Croton Plant

The Colorful And Easy To Grow Croton Plant

To say that the Croton plant displays all the colors of the rainbow would not be too much of an exaggeration. Different species of the Croton plant, and there are over 750 of them, display different colors, but many of them are attractive, multicolored plants, and therefore are well suited for interior decoration, and in tropical or subtropical climates are often planted for landscaping purposes as well.

 

 

 

If you want some indoor color, in the form of a small shrub (it can be pruned) and have a greenhouse or sun room, the Croton plant can be grown most anywhere as a house plant. It does well when growing at room temperatures, with its main requirement being plenty of sunlight. The Croton plant will grow in partial shade and be quite healthy, but its colors are not apt to be nearly so vivid or striking as when grown in more intense lighting conditions.

The Croton plant is a fairly easy keeper. In areas of low humidity an occasional misting is helpful. The plant requires feeding fairly regularly during the growing season, but less so during the winter. One problem that is sometimes experienced occurs when the temperature is allowed to fluctuate excessively, a condition the plant may respond to by dropping its leaves. Should this happen the plant will usually recover, but should probably then be moved to an area where the environment is apt to be more stable.

Pruning The Croton Plant - The Croton plant's foliage is somewhat toxic; a situation not uncommon as far as tropical house plants is concerned. The sap in the plant can be irritating to the skin and also is apt to stain clothing or carpeting. When pruning the plant it's therefore best to wear gloves and prune with care, perhaps placing a protective covering on the floor if needed. Croton plants can be heavily pruned, a plus when grown indoors as many varieties can reach a height or 8' or more. Since the foliage is often concentrated near the top of the plant, it is often recommended that when pruning, the plant be cut back to about a third of its former height. There is little need to fear that it might not grow back. As long as the growing conditions are satisfactory, it will.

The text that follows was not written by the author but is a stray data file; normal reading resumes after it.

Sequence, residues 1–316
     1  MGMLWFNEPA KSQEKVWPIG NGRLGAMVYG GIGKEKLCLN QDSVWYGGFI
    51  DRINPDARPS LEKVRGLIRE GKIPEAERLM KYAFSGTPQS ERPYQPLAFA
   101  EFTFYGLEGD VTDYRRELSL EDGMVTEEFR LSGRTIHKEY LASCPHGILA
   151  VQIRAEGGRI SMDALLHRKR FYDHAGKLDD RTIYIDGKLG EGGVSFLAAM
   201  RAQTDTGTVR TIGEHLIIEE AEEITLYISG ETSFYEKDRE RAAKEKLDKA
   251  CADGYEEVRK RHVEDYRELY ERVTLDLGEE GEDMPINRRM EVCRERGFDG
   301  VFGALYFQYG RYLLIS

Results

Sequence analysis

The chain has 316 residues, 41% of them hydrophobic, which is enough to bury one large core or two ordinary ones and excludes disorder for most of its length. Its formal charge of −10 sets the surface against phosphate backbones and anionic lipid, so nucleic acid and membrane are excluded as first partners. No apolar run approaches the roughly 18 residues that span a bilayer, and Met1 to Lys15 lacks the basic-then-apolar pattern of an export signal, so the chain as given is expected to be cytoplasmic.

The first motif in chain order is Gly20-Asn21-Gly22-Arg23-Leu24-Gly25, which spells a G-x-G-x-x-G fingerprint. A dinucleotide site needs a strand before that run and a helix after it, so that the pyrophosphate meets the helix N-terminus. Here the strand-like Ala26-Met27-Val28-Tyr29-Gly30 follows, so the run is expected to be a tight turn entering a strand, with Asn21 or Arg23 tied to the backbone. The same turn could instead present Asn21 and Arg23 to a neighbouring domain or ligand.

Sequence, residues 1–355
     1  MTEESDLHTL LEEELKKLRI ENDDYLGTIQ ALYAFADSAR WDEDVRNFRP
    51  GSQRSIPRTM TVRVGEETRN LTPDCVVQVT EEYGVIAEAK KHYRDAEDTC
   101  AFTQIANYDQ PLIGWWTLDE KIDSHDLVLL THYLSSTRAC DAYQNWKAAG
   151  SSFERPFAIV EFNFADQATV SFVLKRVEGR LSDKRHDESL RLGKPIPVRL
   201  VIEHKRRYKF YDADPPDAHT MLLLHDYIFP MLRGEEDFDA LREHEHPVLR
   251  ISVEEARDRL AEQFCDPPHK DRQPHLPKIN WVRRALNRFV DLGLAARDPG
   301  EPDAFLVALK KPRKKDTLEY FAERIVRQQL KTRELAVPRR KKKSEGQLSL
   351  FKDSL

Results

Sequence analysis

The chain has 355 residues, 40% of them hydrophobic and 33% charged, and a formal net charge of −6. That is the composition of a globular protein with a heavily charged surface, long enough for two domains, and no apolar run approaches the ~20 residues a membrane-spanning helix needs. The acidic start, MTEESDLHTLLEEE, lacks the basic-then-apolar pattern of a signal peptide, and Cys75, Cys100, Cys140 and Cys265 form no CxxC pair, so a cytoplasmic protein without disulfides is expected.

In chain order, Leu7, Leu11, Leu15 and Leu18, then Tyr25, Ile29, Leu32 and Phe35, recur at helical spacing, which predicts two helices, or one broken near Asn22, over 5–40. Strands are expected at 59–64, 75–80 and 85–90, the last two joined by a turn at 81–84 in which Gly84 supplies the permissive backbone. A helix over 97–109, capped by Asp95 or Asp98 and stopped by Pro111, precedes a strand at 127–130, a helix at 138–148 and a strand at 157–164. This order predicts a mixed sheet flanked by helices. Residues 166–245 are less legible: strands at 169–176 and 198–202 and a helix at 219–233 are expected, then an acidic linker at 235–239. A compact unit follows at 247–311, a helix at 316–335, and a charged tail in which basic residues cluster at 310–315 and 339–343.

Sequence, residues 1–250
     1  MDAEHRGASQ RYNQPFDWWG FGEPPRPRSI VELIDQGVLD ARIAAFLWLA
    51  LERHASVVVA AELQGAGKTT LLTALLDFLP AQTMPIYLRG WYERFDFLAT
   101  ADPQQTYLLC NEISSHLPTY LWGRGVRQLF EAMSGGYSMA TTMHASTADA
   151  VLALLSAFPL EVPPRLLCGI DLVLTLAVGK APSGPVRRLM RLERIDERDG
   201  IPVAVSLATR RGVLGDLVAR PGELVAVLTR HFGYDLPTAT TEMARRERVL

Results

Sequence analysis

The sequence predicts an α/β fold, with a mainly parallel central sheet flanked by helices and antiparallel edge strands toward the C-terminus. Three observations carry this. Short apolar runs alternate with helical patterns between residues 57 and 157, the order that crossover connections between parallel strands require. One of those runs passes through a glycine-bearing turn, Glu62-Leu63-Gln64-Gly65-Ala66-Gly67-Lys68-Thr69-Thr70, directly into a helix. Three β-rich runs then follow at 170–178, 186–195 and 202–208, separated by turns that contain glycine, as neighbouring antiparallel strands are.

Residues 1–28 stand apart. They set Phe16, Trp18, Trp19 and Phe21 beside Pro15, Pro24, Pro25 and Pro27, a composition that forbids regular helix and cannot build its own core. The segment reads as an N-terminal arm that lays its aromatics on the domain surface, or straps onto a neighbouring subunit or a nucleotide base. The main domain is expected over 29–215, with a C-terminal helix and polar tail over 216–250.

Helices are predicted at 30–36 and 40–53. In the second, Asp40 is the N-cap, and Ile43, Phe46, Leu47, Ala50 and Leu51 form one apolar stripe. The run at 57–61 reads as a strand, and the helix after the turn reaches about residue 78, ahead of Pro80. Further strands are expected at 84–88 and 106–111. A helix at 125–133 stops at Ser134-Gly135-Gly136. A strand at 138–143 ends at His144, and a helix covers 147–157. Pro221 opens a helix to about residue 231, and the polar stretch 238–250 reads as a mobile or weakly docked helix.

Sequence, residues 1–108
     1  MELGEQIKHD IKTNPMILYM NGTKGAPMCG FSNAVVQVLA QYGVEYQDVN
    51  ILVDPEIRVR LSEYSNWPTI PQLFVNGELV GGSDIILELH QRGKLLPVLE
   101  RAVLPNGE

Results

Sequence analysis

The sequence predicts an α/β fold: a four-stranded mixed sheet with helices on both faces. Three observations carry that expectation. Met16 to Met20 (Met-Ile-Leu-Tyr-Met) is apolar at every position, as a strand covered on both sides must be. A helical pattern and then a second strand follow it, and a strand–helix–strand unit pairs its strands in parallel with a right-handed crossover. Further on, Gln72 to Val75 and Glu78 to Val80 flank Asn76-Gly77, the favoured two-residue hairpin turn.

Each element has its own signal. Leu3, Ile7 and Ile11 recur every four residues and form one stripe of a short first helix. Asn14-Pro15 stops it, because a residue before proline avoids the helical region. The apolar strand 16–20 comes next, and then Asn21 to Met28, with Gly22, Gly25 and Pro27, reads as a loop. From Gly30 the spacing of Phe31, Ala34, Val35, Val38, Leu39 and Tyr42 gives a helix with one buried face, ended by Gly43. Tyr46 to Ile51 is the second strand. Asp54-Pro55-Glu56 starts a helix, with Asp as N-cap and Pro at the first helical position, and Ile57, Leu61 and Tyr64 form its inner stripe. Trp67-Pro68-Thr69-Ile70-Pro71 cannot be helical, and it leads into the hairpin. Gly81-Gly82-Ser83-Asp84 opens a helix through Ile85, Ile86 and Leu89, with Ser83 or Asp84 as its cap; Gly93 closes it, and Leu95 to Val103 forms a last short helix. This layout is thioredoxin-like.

The leaves of Croton plant types are many and varied, ranging from leaves that are very large and very broad, to leaves that closely resemble oak leaves, to leaves that are narrow, twisted, or both, or to leaves that have an interrupted pattern, where the leaf growth stops, the stem continues, and the leaf growth then resumes.

Propagating the Croton Plant - Most varieties of the plant are easy to propagate, with air layering being favored, though propagation by either leaf bud cuttings or green wood cuttings is also commonly done. To propagate by air layering a ring of bark approximately 1" wide is cut from a branch, including the cambium layer directly beneath the outer layer. The cut area is wrapped in a ball of moist sphagnum moss and the ball is then wrapped in protective foil or plastic to preserve the moisture. With this method, roots usually form quite rapidly, after which the branch can be cut just below the roots and placed directly in a container or place in the garden where the plant is to grow.

Feeding The Croton Plant - During the growing season a fertilizer that is fairly acidic as well as one containing a high percentage of nitrogen is recommended, especially since the goal is that of growing lush foliage. For winter feedings a fertilizer which has a higher content of phosphorous and potash is usually recommended. When in doubt, rhododendron or azalea fertilizer will generally work quite well.